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October 25, 2012 9:49 am

60 California Student Leaders Slam Anti-Israel Resolution for ‘Lack of Transparency’

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Berkeley Jewish student harassment.

A group of 60 elected student officials signed a letter slamming what they called the “lack of transparency” as well as the “marginalization” and “misrepresentation” of students associated with the recent passage of a resolution condemning a measure to combat anti-Semitism on California state campuses.

The 12-member University of California Student Association (UCSA) in September had voted to condemn HR35—a unanimously passed State Assembly resolution urging University of California (UC) schools to squelch nascent anti-Semitism and crack down on anti-Israel demonstrations. UCSA accused of Israel of “illegal occupation” and “racism and Apartheid,” and encouraged “all institutions of higher learning” to divest from companies doing business with Israel.

In a letter dated Oct. 19, the 60 student leaders wrote to UCSA’s board of directors that the anti-HR35 resolution “violated the rights to representation of a significant portion of its campus.”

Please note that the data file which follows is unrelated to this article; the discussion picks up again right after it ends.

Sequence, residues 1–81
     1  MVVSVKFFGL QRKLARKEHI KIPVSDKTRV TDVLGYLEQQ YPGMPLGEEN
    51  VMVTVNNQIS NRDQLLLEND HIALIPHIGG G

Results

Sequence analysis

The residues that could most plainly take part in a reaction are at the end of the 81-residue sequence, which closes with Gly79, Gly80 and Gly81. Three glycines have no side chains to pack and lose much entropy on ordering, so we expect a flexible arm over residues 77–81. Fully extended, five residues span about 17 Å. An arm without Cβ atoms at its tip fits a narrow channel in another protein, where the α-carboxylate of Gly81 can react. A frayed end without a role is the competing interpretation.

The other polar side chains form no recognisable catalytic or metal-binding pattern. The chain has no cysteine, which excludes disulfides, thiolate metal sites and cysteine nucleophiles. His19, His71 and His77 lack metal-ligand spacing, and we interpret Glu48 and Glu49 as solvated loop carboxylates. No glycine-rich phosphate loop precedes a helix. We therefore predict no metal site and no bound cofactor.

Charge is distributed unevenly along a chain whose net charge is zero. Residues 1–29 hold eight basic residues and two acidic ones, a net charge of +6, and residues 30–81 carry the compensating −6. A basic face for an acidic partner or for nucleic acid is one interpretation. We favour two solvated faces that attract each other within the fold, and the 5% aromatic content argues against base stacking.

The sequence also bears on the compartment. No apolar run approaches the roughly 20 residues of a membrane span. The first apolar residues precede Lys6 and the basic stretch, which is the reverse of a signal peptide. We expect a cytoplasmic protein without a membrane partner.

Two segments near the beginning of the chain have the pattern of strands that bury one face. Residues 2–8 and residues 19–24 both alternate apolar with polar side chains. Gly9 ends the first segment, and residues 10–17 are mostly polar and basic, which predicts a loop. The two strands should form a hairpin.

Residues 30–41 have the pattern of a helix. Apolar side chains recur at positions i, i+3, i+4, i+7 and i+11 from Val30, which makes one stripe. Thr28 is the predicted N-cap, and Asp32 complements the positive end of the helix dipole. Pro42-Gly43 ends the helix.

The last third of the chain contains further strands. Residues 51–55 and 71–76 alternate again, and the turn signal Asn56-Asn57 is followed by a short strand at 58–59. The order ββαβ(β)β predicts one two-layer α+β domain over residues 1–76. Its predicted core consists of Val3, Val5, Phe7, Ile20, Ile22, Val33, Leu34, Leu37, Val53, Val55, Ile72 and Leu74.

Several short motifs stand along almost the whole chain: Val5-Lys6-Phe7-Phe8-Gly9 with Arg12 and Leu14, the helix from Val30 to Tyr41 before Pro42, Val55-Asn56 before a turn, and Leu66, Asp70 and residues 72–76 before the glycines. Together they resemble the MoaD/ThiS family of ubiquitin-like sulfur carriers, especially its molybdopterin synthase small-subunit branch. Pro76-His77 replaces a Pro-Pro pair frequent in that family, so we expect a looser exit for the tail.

“Within the Jewish community and across the UC system, there is a wide diversity of opinion with regards to HR 35,” the leaders wrote. “Many members of the Jewish community, and many supporters of this letter, believe HR 35 infringes on our First Amendment rights, and still others believe HR 35 is an encouraging step towards the protection of Jewish students.”

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Regarding a “lack of transparency,” the letter noted that UCSA “created a scenario in which there were no public agendas and in which an item could be added to the agenda last minute, leaving no possibility of keeping the students UCSA is charged with representing informed prior to debate [on its resolution].”

Ariel Fridman, vice president of UC Berkeley’s Tikvah Students for Israel and an Emerson Fellow for pro-Israel advocacy and education group StandWithUs, previously told JNS.org that Jewish students learned of the UCSA resolution a mere half-hour before Rosh Hashanah.

“Most students don’t even know that the UCSA exists,” Fridman said. “It was completely not on our radar. So for them to have a meeting and a resolution pass without any of our knowledge took us by complete surprise.”

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